Baggerman, T. and DeBari, S., 2007, Petrology and geochemistry of Late Pleistocene andesite lava flows from Mt. Baker, Washington: Geological Society of America Abstracts with Programs, v. 39, n. 4., p. 78.
Petrology and geochemistry of Late Pleistocene andesite lava flows from Mt. Baker, Washington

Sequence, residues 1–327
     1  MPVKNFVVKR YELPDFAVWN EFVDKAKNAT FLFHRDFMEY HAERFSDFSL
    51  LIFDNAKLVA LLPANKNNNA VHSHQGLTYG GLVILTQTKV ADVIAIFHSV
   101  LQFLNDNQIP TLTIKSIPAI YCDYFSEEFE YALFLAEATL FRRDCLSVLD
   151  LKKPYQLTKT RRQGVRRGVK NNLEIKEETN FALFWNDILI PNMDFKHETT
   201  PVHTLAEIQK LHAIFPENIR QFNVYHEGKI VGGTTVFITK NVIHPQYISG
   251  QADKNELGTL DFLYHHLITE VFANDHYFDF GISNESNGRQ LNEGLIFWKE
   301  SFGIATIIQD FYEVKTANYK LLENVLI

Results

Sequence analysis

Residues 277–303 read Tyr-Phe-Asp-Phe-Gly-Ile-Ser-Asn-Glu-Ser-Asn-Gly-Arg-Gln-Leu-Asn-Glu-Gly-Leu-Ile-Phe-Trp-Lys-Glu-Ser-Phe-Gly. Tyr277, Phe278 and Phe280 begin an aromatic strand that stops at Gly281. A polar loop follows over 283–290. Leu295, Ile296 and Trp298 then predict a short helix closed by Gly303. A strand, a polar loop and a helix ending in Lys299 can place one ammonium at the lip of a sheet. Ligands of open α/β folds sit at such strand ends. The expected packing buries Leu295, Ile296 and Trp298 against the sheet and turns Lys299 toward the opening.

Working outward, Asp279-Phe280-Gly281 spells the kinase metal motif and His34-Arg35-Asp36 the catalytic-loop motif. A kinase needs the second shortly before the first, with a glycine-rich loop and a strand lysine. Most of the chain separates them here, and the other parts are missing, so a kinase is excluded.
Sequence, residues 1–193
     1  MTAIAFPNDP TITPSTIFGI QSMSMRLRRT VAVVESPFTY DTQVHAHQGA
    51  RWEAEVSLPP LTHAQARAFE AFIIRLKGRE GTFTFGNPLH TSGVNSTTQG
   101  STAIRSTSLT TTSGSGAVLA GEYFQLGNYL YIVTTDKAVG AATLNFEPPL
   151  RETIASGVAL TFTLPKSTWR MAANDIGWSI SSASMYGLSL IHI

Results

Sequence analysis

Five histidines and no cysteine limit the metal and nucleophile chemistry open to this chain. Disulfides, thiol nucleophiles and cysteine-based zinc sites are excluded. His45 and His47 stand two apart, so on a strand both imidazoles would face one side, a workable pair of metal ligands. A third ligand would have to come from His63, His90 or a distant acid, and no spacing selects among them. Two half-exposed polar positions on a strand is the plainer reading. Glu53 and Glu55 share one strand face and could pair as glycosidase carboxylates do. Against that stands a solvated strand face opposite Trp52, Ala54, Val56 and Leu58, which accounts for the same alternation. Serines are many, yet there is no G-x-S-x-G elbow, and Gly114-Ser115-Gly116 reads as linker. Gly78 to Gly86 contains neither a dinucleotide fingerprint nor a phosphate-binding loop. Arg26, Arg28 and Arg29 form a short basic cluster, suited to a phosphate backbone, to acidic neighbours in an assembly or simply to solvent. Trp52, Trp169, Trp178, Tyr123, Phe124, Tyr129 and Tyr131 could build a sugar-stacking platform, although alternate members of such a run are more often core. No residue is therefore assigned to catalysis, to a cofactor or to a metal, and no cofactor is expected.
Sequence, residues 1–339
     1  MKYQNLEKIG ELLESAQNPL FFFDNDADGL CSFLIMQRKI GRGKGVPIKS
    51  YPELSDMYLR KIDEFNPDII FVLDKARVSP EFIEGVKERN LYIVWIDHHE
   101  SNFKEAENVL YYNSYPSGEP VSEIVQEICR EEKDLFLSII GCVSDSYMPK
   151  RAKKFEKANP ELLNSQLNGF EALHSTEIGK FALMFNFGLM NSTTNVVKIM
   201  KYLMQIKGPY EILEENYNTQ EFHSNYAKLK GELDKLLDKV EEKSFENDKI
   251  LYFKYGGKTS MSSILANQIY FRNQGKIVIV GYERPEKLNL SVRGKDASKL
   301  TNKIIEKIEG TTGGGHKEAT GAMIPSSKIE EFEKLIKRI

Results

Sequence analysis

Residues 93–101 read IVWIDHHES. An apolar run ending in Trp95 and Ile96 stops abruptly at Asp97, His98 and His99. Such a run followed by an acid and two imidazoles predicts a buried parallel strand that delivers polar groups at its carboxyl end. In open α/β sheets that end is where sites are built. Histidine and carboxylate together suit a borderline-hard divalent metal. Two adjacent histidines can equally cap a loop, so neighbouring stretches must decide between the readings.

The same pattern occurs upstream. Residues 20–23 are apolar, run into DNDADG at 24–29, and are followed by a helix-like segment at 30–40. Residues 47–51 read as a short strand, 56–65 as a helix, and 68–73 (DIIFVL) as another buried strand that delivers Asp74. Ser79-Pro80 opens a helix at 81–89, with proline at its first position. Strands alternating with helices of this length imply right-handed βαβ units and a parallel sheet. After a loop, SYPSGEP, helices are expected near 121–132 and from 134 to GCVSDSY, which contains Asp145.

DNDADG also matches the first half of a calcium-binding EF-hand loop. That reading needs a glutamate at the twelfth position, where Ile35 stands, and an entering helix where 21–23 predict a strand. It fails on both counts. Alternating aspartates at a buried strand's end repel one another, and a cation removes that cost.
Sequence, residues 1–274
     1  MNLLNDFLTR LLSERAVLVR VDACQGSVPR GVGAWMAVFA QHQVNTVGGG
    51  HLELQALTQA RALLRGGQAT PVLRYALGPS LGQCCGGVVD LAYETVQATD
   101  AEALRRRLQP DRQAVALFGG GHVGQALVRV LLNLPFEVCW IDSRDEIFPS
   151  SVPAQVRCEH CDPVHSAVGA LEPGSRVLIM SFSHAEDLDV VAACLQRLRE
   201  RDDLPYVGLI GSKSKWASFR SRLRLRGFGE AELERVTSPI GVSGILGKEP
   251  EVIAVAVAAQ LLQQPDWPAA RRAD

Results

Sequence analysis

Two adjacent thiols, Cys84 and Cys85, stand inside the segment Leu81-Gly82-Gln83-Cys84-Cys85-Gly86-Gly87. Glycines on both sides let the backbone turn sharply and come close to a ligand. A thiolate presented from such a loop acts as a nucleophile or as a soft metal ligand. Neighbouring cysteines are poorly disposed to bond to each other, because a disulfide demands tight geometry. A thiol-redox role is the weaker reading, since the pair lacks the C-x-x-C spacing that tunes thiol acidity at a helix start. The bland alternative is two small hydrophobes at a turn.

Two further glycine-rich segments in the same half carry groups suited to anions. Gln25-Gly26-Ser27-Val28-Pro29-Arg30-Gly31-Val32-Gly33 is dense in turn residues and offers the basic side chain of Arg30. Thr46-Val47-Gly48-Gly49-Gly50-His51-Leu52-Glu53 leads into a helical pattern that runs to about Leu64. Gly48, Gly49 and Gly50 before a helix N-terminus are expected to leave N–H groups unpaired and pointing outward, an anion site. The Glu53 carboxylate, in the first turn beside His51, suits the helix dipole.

Mt. Baker, an andesitic stratovolcano located in the Garibaldi volcanic belt of the Cascade magmatic arc, has erupted a wide range of compositions since 0.99 Ma, with 92% by volume as andesite. Physical and chemical processes responsible for generating these andesitic lavas are unknown, as no geochemical data apart from major elements have been available. Presented here are major oxide concentrations, and for the first time, trace and REE concentrations for three Late Pleistocene and Holocene lava flows: the basaltic andesite of Sulphur Creek (52.5 to 57.6 wt.% SiO2), the andesite of Glacier Creek (59.5 to 63.3 wt.% SiO2), and the andesite and dacite of Boulder Glacier (60.5 to 64.1 wt.% SiO2). The goal of this work is to characterize the relationship between these flows, if any, and to evaluate their petrogenesis. The three lava flows are classified as medium K, and to a lesser degree, high K, calc-alkaline basalts through dacites. Major oxide concentrations for Sulphur Creek and Boulder Glacier lavas form curvilinear trends with increasing SiO2. Relative to the other lavas, the andesite of Glacier Creek has distinct major oxide chemistry, with higher wt.% MgO and CaO, and lower wt.% Na2O, P2O5, and K2O for a given wt.% SiO2. Glacier Creek lavas also show enrichment of Ni, Cr, and Sr and depletion in La, Nb, Ta, Zr and Y relative to the other lavas. The more evolved lavas have lower REE abundances relative to the mafic Sulphur Creek lavas, but the abundances cannot be correlated with degree of differentiation. However, LREE depletion is correlated with increasing La/Yb ratio in the Sulphur Creek and Glacier Creek lavas, with LREE abundances of 73.9 and 67.1 times chondrite, respectively, and La/Yb of 4.5 and 6.7, respectively. The Boulder Glacier lavas have enriched LREE abundances relative to the other lavas at 85.0 times chondrite with intermediate La/Yb of 6.4. These data indicate that there is not a simple petrologic relationship between the above lavas. Crystal fractionation from the basaltic andesite of Sulphur Creek cannot account for higher MgO in the more differentiated Glacier Creek lavas. This requires multiple mantle sources for these lavas. However, the andesite and dacite of Boulder Glacier may be related to the basaltic andesite of Sulphur Creek through complicated crystal fractionation and/or magma mixing processes.